Office of Burt Neuborne
By Ben Harris
NEW YORK (JTA) — The success of a landmark $1.25 billion settlement for Holocaust victims risks devolving into a bitter public spat over the fee an attorney is charging on the case.
A ruling is expected any day on whether Burt Neuborne, the New York University law professor who served as lead settlement counsel for survivors in the Swiss bank case, should be paid $4.76 million for his efforts.
Neuborne worked pro bono in winning the original settlement, but he’s seeking payment for seven subsequent years of work representing hundreds of thousands of claimants during the complex process of disbursing the funds.
Holocaust survivors involved in the case say Neuborne never disclosed his intention to seek remuneration and were shocked to learn he was asking for a multimillion dollar fee.
“It is, to me, an outrageous thing,” said Roman Kent, chairman of the American Gathering of Jewish Holocaust survivors and a member of the committee that negotiated a similar settlement with German corporations and government in the 1990s. “I can only tell you that as far as I’m concerned, he never told me that he’s going to get paid for the work. He told me on numerous occasions that he is working pro bono.”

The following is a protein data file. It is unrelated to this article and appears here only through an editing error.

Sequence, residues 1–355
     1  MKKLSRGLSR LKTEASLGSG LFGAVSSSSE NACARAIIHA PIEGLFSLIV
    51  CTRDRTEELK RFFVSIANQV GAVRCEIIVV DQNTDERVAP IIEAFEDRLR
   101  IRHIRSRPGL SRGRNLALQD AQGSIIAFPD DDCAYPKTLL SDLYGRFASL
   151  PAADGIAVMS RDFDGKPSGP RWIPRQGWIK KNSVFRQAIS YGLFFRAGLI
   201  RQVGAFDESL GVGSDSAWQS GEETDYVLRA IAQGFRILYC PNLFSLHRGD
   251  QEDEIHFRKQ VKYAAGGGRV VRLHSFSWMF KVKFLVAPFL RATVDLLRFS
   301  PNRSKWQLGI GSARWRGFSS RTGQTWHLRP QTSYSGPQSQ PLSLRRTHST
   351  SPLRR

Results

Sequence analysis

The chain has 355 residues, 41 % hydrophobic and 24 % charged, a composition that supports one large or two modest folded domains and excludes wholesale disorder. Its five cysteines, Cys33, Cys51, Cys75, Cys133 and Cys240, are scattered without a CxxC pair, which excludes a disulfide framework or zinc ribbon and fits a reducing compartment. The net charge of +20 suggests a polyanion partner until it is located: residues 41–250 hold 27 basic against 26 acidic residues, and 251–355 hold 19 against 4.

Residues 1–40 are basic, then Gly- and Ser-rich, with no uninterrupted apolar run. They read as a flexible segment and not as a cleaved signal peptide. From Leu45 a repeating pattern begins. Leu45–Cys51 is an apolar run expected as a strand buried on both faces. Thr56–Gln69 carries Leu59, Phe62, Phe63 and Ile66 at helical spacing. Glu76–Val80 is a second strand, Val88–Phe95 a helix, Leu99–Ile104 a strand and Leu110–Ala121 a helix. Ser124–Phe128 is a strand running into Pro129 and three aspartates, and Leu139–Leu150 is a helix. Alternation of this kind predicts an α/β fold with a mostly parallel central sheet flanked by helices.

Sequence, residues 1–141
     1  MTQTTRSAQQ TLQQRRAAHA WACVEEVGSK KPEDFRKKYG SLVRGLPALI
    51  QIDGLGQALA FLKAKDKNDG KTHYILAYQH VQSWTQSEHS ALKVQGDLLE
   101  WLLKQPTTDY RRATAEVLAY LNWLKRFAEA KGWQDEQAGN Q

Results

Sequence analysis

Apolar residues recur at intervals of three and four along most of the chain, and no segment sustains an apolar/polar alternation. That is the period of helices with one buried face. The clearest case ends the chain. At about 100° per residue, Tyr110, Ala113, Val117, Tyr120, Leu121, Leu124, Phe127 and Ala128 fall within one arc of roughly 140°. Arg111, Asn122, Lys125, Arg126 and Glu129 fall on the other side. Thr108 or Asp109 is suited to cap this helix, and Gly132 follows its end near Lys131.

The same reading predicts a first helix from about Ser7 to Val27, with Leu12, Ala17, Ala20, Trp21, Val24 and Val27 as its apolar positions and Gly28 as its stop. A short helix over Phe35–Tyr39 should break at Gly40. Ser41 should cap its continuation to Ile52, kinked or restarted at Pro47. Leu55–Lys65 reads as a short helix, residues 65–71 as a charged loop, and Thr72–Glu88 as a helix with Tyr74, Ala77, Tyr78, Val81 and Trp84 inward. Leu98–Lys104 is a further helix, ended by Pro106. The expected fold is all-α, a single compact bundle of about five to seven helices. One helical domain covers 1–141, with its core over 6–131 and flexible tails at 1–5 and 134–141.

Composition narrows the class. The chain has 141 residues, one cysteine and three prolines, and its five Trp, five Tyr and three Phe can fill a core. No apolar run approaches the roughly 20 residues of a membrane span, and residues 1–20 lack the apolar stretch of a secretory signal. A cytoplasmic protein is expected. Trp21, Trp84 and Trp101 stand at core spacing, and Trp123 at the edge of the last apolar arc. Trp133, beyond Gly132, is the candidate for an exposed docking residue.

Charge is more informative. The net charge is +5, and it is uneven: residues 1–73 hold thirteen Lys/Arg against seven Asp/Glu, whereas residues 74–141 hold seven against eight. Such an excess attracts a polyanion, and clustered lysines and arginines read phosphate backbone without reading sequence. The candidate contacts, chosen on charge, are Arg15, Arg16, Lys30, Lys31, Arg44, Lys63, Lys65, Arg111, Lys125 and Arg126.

Survivors were further outraged last week when the Anti-Defamation League gave Neuborne its American Heritage Award in recognition of his work promoting human rights and democratic ideals.
“There was a time when we all thought of the ADL as a paragon of justice and honor,” a group of survivors wrote to the ADL’s national director, Abraham Foxman. “Most of us and many other survivors have supported ADL financially and with our work in the community. Your disrespect for us and our martyred loved ones will tarnish this organization forever.”
Foxman responded by acknowledging the complaint “from the heart and as a Holocaust survivor” but stood his ground, saying the controversy “does not detract from our honoring Burt Neuborne.”
In a written statement provided to JTA, Neuborne says he always intended to seek compensation. “I disclosed my post-settlement fee arrangement to the German Holocaust Foundation, the U.S. Supreme Court and the parties in open court,” he wrote.